I’ve written many posts about the different toys and games that I recommend for both parents and SLPs to use to work on speech and language skills both in therapy sessions and in the home. One of the games that I have gotten a TON of use out over the years is Buckaroo.
That is, until he stopped working! That was a sad, sad day my friends. Especially for my little friends who loved playing.
So you can imagine my complete and utter happiness when I was wondering the aisles of Toys R Us last week and saw it on clearance for under $10! And this version is Toy Story themed also which the kids get an ever bigger kick out of!
What is Buckaroo?
Buckaroo is a fun game where you need to carefully stack different items on Buckaroo…but be careful because he could buck everything off at any second! Here is the description from the manufacturer Hasbro:
Kick Up Some Fun with this exciting never-know-when-he’s-gonna-buck stacking game! Load up the moody mule for your gold mining trip, but watch out — he may buck at any second with no warning! Gently saddle him up and load on your gear. Will he remain calm or will he kick up a storm and send everything flying? You never know what will set him off! So pick a piece and stack it on. He’ll make you jump with excitement as he kicks the load off his back! Be the last to load the mule without losing your gear, and win! 3 Skill Levels Easy Setup Includes Plastic mule with Base and Plastic Game Pieces…
How do I use it for articulation?
This is a really great game for targeting /k/ and /g/ (I just realized this last week while working with a client who is working on just that!) The game pieces that are included in the Toy Story 3 version are 3 saddle pieces, rope, wagon wheel, lantern, horseshoe, guitar, Sheriff’s star badge, cactus, plastic Bullseye with base, Woody’s cowboy hat, boot and boot spur, and Prospector Stinky Pete’s pickaxe. However to focus on the /k/ I wil; have the student say “cowboy’s” before the item name. For example, the cowboy boot and the cowboy hat. If working on /k/ and /g/ I will have the child say the word 5 to 10 times (depending on age and ability) before he/she can attempt to stack the item.
If the children are working on other articulation targets, I’ll use it as a simple reinforcer. I explain how below.
How do I use it for language?
There are MANY ways you can use this game for language! Here are just a few examples:
- Vocabulary (the items)
- Describing skills (have the children describe the item they want to stack next)
- Answering WH questions (ask the child questions about the different items based on the individual child’s goals)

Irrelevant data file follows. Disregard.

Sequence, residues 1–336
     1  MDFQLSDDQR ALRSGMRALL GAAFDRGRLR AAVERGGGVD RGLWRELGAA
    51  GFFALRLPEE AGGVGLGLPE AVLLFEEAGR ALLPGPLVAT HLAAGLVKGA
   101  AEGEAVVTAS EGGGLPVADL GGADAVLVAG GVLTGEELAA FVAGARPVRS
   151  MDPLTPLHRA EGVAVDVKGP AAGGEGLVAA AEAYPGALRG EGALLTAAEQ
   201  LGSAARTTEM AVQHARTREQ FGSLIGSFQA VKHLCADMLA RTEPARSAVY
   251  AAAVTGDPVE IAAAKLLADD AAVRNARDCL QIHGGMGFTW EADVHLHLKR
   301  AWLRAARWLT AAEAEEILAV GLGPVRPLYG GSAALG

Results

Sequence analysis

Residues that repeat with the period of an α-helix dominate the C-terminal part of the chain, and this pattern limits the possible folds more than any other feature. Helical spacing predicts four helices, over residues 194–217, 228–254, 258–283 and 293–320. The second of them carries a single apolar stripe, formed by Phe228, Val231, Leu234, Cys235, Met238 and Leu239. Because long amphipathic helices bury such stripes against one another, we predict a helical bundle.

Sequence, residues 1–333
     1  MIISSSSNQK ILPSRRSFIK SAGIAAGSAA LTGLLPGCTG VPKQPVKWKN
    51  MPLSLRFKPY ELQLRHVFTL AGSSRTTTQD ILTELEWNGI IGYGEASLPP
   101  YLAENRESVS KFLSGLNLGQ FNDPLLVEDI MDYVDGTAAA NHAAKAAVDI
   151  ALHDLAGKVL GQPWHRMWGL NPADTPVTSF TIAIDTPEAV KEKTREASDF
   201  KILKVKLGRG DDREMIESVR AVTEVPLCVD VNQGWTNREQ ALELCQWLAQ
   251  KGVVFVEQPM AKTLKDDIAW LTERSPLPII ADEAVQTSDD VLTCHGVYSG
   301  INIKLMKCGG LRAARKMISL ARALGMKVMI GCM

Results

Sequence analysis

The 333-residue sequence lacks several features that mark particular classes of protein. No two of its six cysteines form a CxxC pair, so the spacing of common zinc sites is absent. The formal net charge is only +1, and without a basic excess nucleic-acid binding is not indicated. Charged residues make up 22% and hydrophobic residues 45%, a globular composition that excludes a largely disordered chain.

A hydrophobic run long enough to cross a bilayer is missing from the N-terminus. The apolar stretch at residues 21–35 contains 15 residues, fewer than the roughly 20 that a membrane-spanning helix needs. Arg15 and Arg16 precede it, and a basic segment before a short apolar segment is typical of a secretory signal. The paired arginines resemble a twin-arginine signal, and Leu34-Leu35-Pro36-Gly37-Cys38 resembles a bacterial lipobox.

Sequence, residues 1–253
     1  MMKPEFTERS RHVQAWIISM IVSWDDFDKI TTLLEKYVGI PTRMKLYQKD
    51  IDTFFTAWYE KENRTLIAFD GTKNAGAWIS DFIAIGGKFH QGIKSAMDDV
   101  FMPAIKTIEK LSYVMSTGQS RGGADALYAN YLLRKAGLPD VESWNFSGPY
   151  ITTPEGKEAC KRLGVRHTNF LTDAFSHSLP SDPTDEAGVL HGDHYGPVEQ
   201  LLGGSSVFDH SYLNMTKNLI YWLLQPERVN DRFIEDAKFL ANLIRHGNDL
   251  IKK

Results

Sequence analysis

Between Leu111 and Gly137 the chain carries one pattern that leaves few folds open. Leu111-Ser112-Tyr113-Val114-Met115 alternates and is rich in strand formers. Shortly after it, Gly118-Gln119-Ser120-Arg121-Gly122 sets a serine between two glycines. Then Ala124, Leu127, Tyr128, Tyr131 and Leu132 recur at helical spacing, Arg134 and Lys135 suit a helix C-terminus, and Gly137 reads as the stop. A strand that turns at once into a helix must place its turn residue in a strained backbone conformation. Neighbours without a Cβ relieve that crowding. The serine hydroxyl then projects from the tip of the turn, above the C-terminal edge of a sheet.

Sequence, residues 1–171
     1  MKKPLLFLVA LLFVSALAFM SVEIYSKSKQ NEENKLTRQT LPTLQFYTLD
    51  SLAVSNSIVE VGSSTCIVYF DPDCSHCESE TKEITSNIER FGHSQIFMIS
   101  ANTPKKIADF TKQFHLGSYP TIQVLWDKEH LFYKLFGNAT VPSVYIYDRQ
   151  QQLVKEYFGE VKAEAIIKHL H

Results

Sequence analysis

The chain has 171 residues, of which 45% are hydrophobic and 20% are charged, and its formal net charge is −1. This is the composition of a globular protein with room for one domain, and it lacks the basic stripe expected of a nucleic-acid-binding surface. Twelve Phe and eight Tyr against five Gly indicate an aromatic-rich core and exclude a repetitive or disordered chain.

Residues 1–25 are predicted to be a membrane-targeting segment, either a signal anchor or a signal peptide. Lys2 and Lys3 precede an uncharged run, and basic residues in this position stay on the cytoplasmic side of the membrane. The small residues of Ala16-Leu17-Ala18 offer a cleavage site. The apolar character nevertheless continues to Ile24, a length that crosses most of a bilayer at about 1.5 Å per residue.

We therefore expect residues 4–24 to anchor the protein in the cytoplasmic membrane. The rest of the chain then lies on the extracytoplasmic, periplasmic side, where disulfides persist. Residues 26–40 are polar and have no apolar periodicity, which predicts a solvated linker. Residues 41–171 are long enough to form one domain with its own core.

- Categories (what categories to the items on the game fall under? What else falls in the category?)
- Following/giving directions (I may give the child directions on exactly where I want them to hang the item, and have them do the same for their group mates or to me)
- Grammar/syntax (I may have the children talk about each item in a sentence or describe the items using correct grammar)
- Use of objects (have the children explain what each item is used for, or have them find the object you are talking about by use)
How do I use it to work on social/pragmatic skills?
As with most games, this one is a great to work on social/pragmatic skills such as turn taking, eye contact, topic maintenance, answering and asking WH questions, etc.
How do I use it as simple reinforcement?
Most of the time with my articulation kids, I end up using this game as a simple reinforcer (or with mixed groups of language/artic depending on the goals of the children). There are two ways I typically use Buckaroo (and other games) as reinforcers:
- I have each child say 5-10 words (or one sentence of they are at that level) and then take a turn (This is usually more if the children are very young and new to speech or if I am working 1:1)
- I have each child say as many words as they can in a specific amount of time, and I use a timer. Usually its 1-2 minutes each child. I do the same with sentences, reading, or conversational level. This is my FAVORITE way to do things because it keeps us on track.
- If the children are working on language goals, I will modify this for their goals and set the timer for 1-2 minutes. For example, if I have a child working on WH questions, I will work with the child for 1-2 minutes on their goal and then they get a turn.
But what about all the reviews?
If you go check out this game on Amazon, you will see a lot of bad reviews. In fact, the majority are only ONE STAR!! I will admit that Buckaroo can have a learning curve…it took me a while to get to know how the bucking mechanism works (there are three levels of difficulty, or sensitivity, you can set it at). That said, I honestly have found this to be a great game. I don’t blame you if you skip this one because of the reviews but if you happen to see it on clearance for 5 bucks….you might want to check it out 😉
I happen to know a little boy who would LOVE this game in spite of the bad reviews!
Jane Harrison says
I fully agree… I am also a speech therapist (but in South Africa) and my clients love this game and a similar one based on Mater from “Cars”. I have found it to be one of the more motivating reinforcers to use in therapy.